Yes, that's our garage yesterday afternoon at about 4 p.m. and that's Jesse L. Martin, gorgeous Detective Green of "Law & Order." A stunt man inside the garage is about to have his arm set on fire.
This scene immediately preceded it, in which Jesse and Dennis Farina (Det. Fontana, his partner) knock on our front door, while a crew swarms all over our porch. They're looking for the bad guy, a bomber of some kind--the one setting himself on fire.
And do you know why television stars and a hit series production crew were here, paying us for all this fun? Because we are a dilapidated house. Yes, that is what the script called for..."a dilapidated house." After 19 years of sheepishly emerging each morning from our facade of peeling paint and broken stained glass, gazing longingly at the immaculately restored landmark homes of neighbors, we have been chosen and exalted for being exactly what we are. Dilapidation rules!
The crew couldn't have been any nicer. Which we expected--Law & Order shoots a lot in this neighborhood, and has a good reputation for putting things back as good or better than they found them. But "better" in this case is much better--we get to keep the cute cottage-exterior garage wall! The garage has gone from being a hulking dark beast to a charming potential studio. Thanks, guys! (Unfortunately, we do not get to keep Jesse--but he did admire my ongoing efforts to strip the white housepaint from our stained glass front-door panels.)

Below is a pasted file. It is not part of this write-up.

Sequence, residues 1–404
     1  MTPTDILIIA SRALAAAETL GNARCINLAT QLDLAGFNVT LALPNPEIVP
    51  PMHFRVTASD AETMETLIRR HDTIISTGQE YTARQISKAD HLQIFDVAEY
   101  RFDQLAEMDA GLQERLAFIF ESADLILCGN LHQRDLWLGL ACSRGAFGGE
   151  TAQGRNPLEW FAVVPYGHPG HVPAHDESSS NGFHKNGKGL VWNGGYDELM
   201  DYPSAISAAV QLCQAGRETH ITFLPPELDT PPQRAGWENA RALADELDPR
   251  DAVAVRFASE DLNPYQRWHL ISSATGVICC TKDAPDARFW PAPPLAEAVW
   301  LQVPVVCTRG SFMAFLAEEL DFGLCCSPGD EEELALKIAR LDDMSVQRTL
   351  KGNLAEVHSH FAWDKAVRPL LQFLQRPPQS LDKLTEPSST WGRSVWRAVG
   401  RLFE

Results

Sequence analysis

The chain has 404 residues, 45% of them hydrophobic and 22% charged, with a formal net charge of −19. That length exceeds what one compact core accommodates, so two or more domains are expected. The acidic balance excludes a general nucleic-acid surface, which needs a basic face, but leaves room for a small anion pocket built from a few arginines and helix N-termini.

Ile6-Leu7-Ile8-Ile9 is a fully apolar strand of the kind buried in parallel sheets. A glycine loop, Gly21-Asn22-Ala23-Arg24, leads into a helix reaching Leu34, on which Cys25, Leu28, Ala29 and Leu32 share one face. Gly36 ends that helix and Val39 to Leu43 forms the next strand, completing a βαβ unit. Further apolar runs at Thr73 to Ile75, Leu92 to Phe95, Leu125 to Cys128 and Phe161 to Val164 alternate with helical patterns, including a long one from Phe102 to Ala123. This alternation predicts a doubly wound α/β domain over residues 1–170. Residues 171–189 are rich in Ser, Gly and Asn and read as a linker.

The first scene involved a dainty 5-year-old child actress, who got the kind of supportive coaching warranted when the next 2 pages of script depend on, well, the willingness of a 5-year-old. Her direction came from a gal with an English accent worthy of "Nanny 911," making me think that I will try this accent with potentially unruly children in the future. She did fine, opening our big glass front door on cue for Dennis and Jesse.
Next came the garage. Dressing this set required creating a sort of reverse Potemkin village; they had to re-scuzzify things inside and out. Rich Irony: They covered our gorgeous, budget-busting new lattice-top fence with...faux crappy stockade fencing, just like the stuff we took down. And a truck from a prop house disgorged a workshop's worth of rusty wheelbarrows, grills, shelving and other detritus, just like the stuff we dumpstered awhile back. (If I'd known, I'd have saved it for them.) My favorite prop was a gruesomely realistic barrel marked "TOXIC." We never had one of those, but it is so utterly the sort of thing we might have had.